Our Voice: Still plenty of room to grow in land of opportunity

April 2, 2014 

Growing citizens

From time to time, a story reminds us that being an American is like winning the lottery. Life is good here.

A pair of Columbia Basin College students are inspiring not only because they help prevent us from taking our good fortune for granted but also by showing us what Americans can achieve through hard work.

Amjad al-Sharkarji, a 19-year-old immigrant from Syria, and Schwe Zin, an 18-year-old Southridge High School senior in the Running Start program, were recently selected as CBC's All-USA Academic All Stars for the 2013-14 school year.

Schwe, whose family fled political oppression in Burma, wants to become a pediatrician. Amjad wants to become an electrical engineer. Those who are familiar with the teens are confident they will reach their goals.

"The sky's the limit," said Terry Marie Fleischman, adviser to the Phi Theta Kappa honor society's CBC chapter and an adjunct faculty member.

But if their families hadn't reached America, the future surely wouldn't look as bright.

Schwe's family came to the U.S. in 2005 from Thailand, where they had been living in a refugee camp. They fled their homeland of Burma because Schwe's father was involved in a student anti-government group.

"It's crazy to think I'm going to be a doctor," Schwe said. "I grew up in a hut. I played in the dirt."

Amjad's father, an Iraqi, fled his home country for Syria in the late '80s and started his family there. The Syrian government wouldn't recognize his dad's engineering degree or grant him or his children citizenship. That prompted the family to seek political asylum in the U.S. in 2000.

It's hard to imagine what life in Syria might be like for Amjad if his family hadn't managed to escape. Syria's civil war has turned the country into a hellscape in the last few years. The United Nations estimates that more than 100,000 people have been killed and millions displaced by the conflict.

We're a nation of immigrants who came to the United States in search of a better life, and so many of our ancestors found it. We're grateful to live in a country where that story can still be written.

Schwe's take on the land of opportunity strikes us as a quintessentially American point of view. "If there's something you want, there's a way to get it," she said.

Growing community

One way our forefathers succeeded in a new land was by pulling together. We're happy to see that spirit thriving in Pasco, where volunteers are ready to help build the city's first public community garden.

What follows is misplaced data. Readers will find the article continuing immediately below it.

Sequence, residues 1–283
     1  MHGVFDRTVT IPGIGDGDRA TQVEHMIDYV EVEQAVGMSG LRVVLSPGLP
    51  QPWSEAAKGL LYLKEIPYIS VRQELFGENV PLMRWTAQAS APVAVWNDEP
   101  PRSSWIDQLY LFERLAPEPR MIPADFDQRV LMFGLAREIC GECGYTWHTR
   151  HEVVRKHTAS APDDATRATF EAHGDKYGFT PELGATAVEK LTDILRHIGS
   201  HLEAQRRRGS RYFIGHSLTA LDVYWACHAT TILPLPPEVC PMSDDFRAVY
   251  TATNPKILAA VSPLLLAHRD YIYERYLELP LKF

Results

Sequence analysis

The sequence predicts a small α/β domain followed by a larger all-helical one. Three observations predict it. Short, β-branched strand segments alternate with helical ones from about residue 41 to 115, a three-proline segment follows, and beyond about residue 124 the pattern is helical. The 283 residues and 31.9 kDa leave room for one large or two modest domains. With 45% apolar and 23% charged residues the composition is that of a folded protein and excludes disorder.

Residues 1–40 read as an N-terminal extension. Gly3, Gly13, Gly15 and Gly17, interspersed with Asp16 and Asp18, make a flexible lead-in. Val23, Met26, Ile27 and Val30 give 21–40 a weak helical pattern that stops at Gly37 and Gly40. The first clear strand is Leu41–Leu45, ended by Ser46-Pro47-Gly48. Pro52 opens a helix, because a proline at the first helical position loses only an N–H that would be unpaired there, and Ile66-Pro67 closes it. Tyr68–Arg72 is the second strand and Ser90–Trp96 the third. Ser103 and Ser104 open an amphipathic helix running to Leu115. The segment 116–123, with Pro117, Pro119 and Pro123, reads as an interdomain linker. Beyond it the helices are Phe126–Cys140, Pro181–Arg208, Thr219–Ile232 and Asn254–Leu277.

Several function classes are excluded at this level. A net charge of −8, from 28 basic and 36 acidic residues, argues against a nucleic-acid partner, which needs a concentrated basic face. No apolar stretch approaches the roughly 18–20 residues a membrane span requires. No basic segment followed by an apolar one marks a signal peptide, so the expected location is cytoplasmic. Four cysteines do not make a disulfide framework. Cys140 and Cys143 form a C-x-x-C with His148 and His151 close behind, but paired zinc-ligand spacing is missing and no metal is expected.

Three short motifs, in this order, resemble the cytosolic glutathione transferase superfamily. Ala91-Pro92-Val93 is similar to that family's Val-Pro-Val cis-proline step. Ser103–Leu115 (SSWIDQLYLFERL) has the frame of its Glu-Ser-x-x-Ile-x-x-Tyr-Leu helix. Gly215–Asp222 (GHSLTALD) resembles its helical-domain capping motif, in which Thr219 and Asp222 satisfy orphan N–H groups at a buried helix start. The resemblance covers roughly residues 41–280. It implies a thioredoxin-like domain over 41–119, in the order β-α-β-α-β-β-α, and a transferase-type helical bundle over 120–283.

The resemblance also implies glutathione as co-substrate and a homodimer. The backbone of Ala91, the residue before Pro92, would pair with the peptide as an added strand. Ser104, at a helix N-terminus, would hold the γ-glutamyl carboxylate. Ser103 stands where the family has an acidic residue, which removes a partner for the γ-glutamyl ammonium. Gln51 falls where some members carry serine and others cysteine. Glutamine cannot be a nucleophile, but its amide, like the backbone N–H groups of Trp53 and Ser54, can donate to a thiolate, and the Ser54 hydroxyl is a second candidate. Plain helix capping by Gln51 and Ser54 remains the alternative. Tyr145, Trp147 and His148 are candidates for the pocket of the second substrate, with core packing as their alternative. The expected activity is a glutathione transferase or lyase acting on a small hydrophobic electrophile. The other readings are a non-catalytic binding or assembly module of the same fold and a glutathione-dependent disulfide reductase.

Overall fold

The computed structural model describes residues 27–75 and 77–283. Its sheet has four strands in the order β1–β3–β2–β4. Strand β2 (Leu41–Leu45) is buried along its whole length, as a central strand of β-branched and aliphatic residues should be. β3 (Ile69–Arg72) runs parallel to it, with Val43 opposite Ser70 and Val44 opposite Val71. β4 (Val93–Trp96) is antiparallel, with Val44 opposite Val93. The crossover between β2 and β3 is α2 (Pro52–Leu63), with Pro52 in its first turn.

Several community groups have volunteered to help build the project in east Pasco's Kurtzman Park. Vendors have offered to provide materials.

Lowe's Home Improvement has pledged to make the garden one of its community action projects, where its employees work on the site. Volunteers with the Washington State University Extension's Benton-Franklin Master Gardeners Program are expected to provide guidance, a $500 grant for materials and seeds for planting.

But the real effort will come from Pasco residents who spend their summer tending the garden. They'll gain more than fresh, healthy foods for their tables. They'll gain a sense of community by rubbing elbows with neighbors pursuing a common goal.

We're thankful for opportunities to nourish body and soul.

Room to grow

Unfortunately, community gardens can't meet the nutritional needs of every family in the Mid-Columbia that needs help getting enough food to eat. But our community isn't retreating from the fight to end hunger.

Sen. Jana Holmquist-Newbry, R-Moses Lake, joined Sen. Jim Honeyford, R-Sunnyside, and Rep. Brad Klippert, R-Kennewick, recently in Pasco for a groundbreaking ceremony to celebrate construction of a new 26,000-square-foot warehouse for Second Harvest, an Inland Northwest hunger relief network.

Jean Tucker, development manager for Second Harvest, said the new warehouse, paid for by a $3 million state grant, will allow the network to increase distribution to food banks from 5.5 million pounds annually to 9 million pounds annually by 2018.

Alleviating hunger is a worthy use of tax dollars. The new warehouse will help. But filling the warehouse depends on your contributions.

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